Journalists Feel the Chill in a Changing Media World - LawNow Magazine

Journalists Feel the Chill in a Changing Media World

ice-cubes-1224804_1920Journalism students who are mulling over important questions such as “Where will I find a job?” and “Will I be able to cover the legal beat?” as they face a potentially shrinking job market, may have more than just job prospects to worry about.

Today, the media world is rapidly shrinking, consolidating, shedding jobs and shutting local media outlets. According to the Canadian Media Guild, between 2008 and 2013, Canada lost 10,000 media jobs. More recently, PostMedia cut 90 jobs and consolidated newspaper operations in several cities.

The essential approach for journalists is the common sense one that uses good reporting habits as a baseline.  What does this mean for up-and-coming journalists? With big business running the media and advertising dollars become more sought-after, there may be less media management support for uncovering big stories that could bring reporters into a situation where they might be threatened with libel. The result? A controversial, high-profile, contentious story may never see the light of day because of libel chill.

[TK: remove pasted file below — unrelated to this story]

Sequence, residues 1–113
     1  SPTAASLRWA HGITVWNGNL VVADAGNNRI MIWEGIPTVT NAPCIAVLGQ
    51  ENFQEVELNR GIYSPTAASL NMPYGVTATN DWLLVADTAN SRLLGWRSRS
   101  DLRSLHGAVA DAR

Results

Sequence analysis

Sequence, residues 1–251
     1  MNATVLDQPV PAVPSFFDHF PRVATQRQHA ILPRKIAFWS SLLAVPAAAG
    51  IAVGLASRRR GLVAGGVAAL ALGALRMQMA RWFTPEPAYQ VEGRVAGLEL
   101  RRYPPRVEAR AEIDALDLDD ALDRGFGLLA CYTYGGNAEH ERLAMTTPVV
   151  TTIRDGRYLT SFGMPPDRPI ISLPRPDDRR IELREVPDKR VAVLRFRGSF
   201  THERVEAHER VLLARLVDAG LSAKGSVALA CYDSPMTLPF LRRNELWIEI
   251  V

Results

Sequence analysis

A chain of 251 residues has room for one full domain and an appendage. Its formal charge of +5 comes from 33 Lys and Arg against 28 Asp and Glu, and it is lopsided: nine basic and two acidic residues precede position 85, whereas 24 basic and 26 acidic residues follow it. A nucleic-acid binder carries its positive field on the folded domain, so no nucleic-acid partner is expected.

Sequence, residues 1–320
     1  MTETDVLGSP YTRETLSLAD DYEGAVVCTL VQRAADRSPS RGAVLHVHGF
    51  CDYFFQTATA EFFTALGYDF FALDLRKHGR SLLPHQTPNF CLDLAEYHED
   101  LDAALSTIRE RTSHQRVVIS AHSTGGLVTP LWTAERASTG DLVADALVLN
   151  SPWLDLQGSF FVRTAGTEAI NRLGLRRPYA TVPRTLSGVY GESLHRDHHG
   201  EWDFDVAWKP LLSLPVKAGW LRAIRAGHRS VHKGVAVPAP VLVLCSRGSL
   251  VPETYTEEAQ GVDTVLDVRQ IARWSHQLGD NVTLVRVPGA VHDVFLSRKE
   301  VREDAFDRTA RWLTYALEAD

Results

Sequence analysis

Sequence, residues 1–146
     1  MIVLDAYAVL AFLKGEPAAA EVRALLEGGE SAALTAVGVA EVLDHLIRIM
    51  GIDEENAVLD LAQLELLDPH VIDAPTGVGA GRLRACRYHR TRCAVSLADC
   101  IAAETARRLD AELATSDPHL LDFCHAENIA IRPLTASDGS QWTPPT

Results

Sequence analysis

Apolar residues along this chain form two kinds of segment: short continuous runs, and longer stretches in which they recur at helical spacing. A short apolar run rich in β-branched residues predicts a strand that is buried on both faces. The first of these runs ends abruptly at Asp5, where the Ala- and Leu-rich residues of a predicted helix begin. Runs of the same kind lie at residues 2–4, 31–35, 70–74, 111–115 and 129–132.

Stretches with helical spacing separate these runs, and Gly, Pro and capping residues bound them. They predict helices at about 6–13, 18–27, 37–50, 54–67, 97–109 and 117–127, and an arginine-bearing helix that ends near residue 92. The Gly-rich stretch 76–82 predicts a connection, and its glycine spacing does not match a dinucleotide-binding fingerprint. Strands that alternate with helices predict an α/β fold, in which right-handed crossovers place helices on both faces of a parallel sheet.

Defined as the reluctance to publish or broadcast stories for fear of a defamation lawsuit, libel chill may make journalists think twice about running stories that may be critical of big business or overly-influential politicking, or which may shed light on, for instance, under-the-table payouts or backroom deals between politicians and developers.

Taking up the fight are organizations like the Canadian Association of Journalists, which has been pressing the Supreme Court to reject expanding libel laws that may impact the freedom of public interest journalism, and Canadian Journalists for Free Expression (CJFE), founded in 1981 to protect journalists’ rights to free expression.